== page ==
Mia Stratman’s path to art

Spring 2021

When 2018 Liberty Bell High School (LBHS) graduate and Methow Arts alumni intern Mia Stratman moved to the Methow Valley as a sophomore, she had taken few art classes. But LBHS art teacher Robin Nelson-Wicks “took me under her wing,” says Stratman. “She brought me with her to classes and basically designed a program for me at Liberty Bell. She taught me techniques, but she also taught me that its ok to pursue a unique path to making art.”

“There’s a bit of a stigma about making art,” Stratman continues. “People believe that you shouldn’t do it if you’re not ‘great’ at it. I’ve learned that you don’t need to be great to begin. It’s ok to take your own path.”

Stratman’s path took her from the Methow Valley to the Minneapolis College of Art and Design (MCAD), where she enrolled as a freshman in the fall of 2018. “I didn’t have a defining moment in terms of deciding to go to art school,” Stratman says. “It was always going to be my path. I’d always loved all aspects of school—art wasn’t my only connection to school. But I wanted to be ‘all in’ with my art, and art school was the way to do that.”

After a rural upbringing, Stratman knew that she wanted to try city living for college. “It grew on me,” she says of the urban experience so far. “Although when I first got here I felt a little bit like a country mouse.”

Now a junior at MCAD, working toward a Bachelor of Fine Arts in Illustration, Stratman is exploring traditional and nontraditional forms of illustrative art through textiles, product design, and editorial classes. One day she’s designing a fictional mural store display for eyewear brand Warby Parker; another day she’s reworking old book covers; still another finds her creating signature packing for an eponymous coffee company. A Children’s Book Illustration class paired with a Children’s Literature class gave her perspective into both the literary and the visual arts aspects of kids’ books.

Stratman does a lot of digital design these days, using an iPad. “It’s important to me not to look overly digital, however,” Stratman says. “I always want to retain an original look, so I make deliberate stylistic choices. I use collage and other methods to create a whimsical, quirky, and sometimes surreal quality in my art. I want it to be recognizable as mine.”

Stratman’s prioritization of originality over commercial appeal means that you’re unlikely to ever see her work in, say, the home décor section of Pier 1 or Target. “To express myself I had to come to terms with the fact that not everyone is going to love my art,” Stratman says. “I had to let that go.”

This whimsical and quirky nature—what Stratman often calls ‘wonky’—shows up most poignantly in her illustrations of people coupled with a single word or short quotation. The characters appear vulnerable, but also fearless; they open themselves up to life—its risks, its rewards. They’re a bit like Stratman, and really, like most of us: doing our best to appear confident in a world that demands confidence, yet willing to expose their vulnerabilities, which make them both endearing and inspiring.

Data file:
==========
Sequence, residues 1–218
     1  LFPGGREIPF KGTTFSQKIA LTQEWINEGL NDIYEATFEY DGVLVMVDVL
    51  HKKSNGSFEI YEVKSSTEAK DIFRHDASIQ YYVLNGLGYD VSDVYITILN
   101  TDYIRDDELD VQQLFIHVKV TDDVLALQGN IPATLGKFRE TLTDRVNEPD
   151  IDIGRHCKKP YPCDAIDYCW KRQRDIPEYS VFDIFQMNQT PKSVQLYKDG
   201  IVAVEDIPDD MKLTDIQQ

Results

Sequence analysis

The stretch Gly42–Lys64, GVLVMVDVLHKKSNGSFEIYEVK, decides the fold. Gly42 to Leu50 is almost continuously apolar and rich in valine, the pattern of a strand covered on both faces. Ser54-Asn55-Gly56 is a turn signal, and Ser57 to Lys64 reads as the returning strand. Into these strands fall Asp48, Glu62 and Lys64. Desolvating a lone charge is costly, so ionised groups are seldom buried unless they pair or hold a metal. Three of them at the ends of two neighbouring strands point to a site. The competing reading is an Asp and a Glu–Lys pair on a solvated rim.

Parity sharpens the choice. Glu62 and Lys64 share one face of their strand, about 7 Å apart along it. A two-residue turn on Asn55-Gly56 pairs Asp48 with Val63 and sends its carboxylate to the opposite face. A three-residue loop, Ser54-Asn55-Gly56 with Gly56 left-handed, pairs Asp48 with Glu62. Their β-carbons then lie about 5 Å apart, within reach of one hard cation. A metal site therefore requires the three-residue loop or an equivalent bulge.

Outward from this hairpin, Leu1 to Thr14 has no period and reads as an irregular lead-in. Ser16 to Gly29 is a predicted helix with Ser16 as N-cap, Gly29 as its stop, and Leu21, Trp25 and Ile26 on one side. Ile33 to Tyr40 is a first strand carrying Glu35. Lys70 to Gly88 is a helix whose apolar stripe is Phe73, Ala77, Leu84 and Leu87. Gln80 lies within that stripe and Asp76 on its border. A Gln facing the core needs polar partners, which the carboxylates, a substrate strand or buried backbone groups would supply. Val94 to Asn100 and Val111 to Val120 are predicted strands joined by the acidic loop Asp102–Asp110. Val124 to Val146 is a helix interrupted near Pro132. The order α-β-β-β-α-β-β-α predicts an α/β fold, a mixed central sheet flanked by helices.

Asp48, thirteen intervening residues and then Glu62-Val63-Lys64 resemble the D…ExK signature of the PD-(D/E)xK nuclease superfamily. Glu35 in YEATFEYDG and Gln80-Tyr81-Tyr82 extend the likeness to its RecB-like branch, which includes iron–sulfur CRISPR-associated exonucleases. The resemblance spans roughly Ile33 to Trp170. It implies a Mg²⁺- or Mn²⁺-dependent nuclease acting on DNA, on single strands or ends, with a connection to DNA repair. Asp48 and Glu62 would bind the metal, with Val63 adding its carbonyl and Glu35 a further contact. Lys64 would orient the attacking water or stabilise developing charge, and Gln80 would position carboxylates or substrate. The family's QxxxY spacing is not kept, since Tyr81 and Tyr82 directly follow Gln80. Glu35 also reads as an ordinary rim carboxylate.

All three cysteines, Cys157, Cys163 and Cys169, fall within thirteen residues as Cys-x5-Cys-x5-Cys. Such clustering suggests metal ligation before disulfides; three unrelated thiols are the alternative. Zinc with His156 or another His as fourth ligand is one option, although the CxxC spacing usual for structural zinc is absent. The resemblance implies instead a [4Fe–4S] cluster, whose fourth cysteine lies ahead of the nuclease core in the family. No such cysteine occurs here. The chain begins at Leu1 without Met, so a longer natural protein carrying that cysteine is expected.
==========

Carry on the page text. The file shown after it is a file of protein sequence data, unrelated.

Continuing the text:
“A lot of my work focuses on the human connection,” Stratman says. “Vulnerability is a cornerstone of the human experience. Humans are funny creatures in the ways we interact and communicate.”

Stratman’s work seems infused with meaning, but it isn’t necessarily by design, she says. “I approach illustration from the side. The meaning isn’t always there when I begin—it often fills in later.”

While Stratman’s educational focus is art, creating it for herself—as opposed to for classes—sometimes has to “fill in later” as well.

Stratman is a working student who has helped pay for part of her tuition through a variety of jobs: café work, a pizza restaurant, and, notably, working as a sock designer for the novelty sock company Fanatics, whose products Methow Valley residents may have purchased at Ulrich’s Pharmacy. “After seeing the job on Craigslist, of all places,” Stratman says, “I sent in my portfolio and got to work with a senior designer.” When she’s not working or completing assignments for school, Stratman creates freely, although “sometimes I’m just tapped out from school,” she says.

Stratman is also working on building her web presence, through her Instagram, Etsy, and Patreon sites. Instagram showcases her range of art and occasionally results in commissioned work for clients from afar, such as the Diversity Council of Rochester, NY. Etsy provides a marketplace to sell her work, and Stratman intends to build up her Etsy site inventory when she has time.

Patreon is a newer endeavor for Stratman. Patreon is a subscription service platform that allows consumers—patrons— to support creators and artists. “I resisted Patreon at first because it felt like asking people for money,” Stratman says, “but in exchange for membership I offer different ways to access and utilize my work. I appreciate that people are willing to support artists and other creators.”

The country girl has settled in to city life, but she still visits her parents, sister, and grandparents in the Methow Valley a few times each year. “I got my boyfriend addicted to Blue Star coffee,” she says. “We try not to go too long between visits home.”